3 of 3 people found this review helpful

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  • sam
  • 08-11-2015

As a former bond trader

Would you listen to Street Freak again? Why?

Yes and no. For me it was too real. I was a debt markets a trader in Australia from 2004-2009 and I can relate to a lot of experiences in his book.

What did you like best about this story?

I really enjoyed his writing.

Have you listened to any of LJ Ganser’s other performances before? How does this one compare?

He did a great job.

Was this a book you wanted to listen to all in one sitting?

Too long for one sitting, but I found myself listening at 4am in the morning when I couldn't sleep.

Any additional comments?

If you didn't work in these type of markets you wouldn't realise how realistic this book is - very few people will and so a lot of people will not be able to relate to its honesty. I lived this world, and I rate this book. I found myself laughing out and wanting to cry at various times. I came across him via his free weekly email via john mauldin economics.

2 of 2 people found this review helpful

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  • smallbutmighty
  • 12-12-2015

Riveting narrative and performance

I don't usually write reviews, but this might be my favorite Wall Street book ever (and I've read many). It's also one of the best audiobook performances I've ever heard. The combination of Dillian's unflinching account of his Wall Street escapades and the reader's expressive and energetic performance made this an audiobook I'll likely replay a time or two.

1 of 1 people found this review helpful

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Profile Image for Jamie Lunde
  • Jamie Lunde
  • 16-09-2015

Not what I thought

I may have read the reviews and summary wrong but I thought this would be more about one person and the crash of a company and there tale of being involved with that crash. This book is about Wall Street traders cracking up.

3 of 4 people found this review helpful

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  • Justin
  • 22-07-2019

Not what you might expect...

I bought this book expecting it to be the standard "Street" memoir. High Finance and debauchery all wrapped up in several hours of well read audio. What I got was a story that hit close to home and left me equally amazed at both Mr. Dillian's triumphs and struggles. Street Freak is a Wall Street memoir but it is also an amazingly deep, personal look into mental illness and the steps that must be taken to overcome it. Lehman Brothers fell but Jared Dillian continues to rise. I would highly recommend this book and I am thankful to now have it in my permanent library.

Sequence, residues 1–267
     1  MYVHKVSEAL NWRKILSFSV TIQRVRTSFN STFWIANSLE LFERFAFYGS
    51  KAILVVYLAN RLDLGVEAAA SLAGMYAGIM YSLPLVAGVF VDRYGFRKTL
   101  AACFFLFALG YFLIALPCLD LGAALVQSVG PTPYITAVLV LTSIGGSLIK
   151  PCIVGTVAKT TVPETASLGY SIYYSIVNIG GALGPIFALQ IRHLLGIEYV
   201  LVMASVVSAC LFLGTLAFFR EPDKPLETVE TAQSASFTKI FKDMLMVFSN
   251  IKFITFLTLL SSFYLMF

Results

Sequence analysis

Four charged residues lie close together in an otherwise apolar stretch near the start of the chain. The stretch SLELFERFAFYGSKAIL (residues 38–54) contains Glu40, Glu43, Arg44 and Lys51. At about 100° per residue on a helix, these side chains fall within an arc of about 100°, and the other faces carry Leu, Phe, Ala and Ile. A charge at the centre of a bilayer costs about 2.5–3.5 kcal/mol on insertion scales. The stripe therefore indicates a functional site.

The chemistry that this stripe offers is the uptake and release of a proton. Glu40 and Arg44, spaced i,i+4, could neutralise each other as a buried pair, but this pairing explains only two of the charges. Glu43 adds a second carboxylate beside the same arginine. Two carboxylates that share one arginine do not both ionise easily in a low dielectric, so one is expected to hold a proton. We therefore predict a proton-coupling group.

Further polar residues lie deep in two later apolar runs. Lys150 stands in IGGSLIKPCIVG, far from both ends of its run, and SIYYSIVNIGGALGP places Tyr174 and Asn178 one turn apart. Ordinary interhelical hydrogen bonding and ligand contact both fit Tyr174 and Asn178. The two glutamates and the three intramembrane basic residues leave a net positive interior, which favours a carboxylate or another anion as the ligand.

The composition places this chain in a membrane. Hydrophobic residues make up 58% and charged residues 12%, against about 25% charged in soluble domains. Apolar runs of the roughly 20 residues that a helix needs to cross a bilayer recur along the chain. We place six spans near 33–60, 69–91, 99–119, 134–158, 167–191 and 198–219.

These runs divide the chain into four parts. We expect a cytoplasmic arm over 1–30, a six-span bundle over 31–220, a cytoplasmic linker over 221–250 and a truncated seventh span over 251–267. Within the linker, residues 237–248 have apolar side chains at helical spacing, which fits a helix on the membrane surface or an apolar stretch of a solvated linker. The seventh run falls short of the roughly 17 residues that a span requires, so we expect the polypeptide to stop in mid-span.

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Profile Image for Derek
  • Derek
  • 30-12-2018

Great listen

I love thr narrator and have several of his books. His tone and ability to bring to life whit and irony is great. With the right storyline it makes for a title I will listen to several times over

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  • Luke Reiner
  • 18-10-2018

Deeper/Personal Insights to Wall St. Life

I enjoyed this story. shows the negative aspects of his life and how people within wall st. firms behaved. very insightful for someone who wants to hear more about wall st life. The real deal. No glamorous new/media stories.

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  • Michael Reilley
  • 17-09-2018

Loved it!

Such a well told story from an interesting perspective. Great explanation of possibly complex topics as well.

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Profile Image for Jeff Vahue
  • Jeff Vahue
  • 14-09-2016

fast and furious

One of the best audible books I've ever listened to. Gasner brings Dillian to life and puts you on the trading floor. A great story of triumph over adversity. Personal, professional trails overcome by not giving up, being lucky and working hard. a motivational story.